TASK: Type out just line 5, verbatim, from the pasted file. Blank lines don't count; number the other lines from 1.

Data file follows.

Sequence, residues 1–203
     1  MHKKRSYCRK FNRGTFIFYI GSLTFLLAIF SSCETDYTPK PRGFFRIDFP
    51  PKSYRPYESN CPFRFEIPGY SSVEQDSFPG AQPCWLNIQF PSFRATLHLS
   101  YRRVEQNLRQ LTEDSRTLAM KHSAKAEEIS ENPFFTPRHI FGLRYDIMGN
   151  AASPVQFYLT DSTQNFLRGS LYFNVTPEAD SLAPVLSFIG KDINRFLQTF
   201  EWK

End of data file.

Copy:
   151  AASPVQFYLT DSTQNFLRGS LYFNVTPEAD SLAPVLSFIG KDINRFLQTF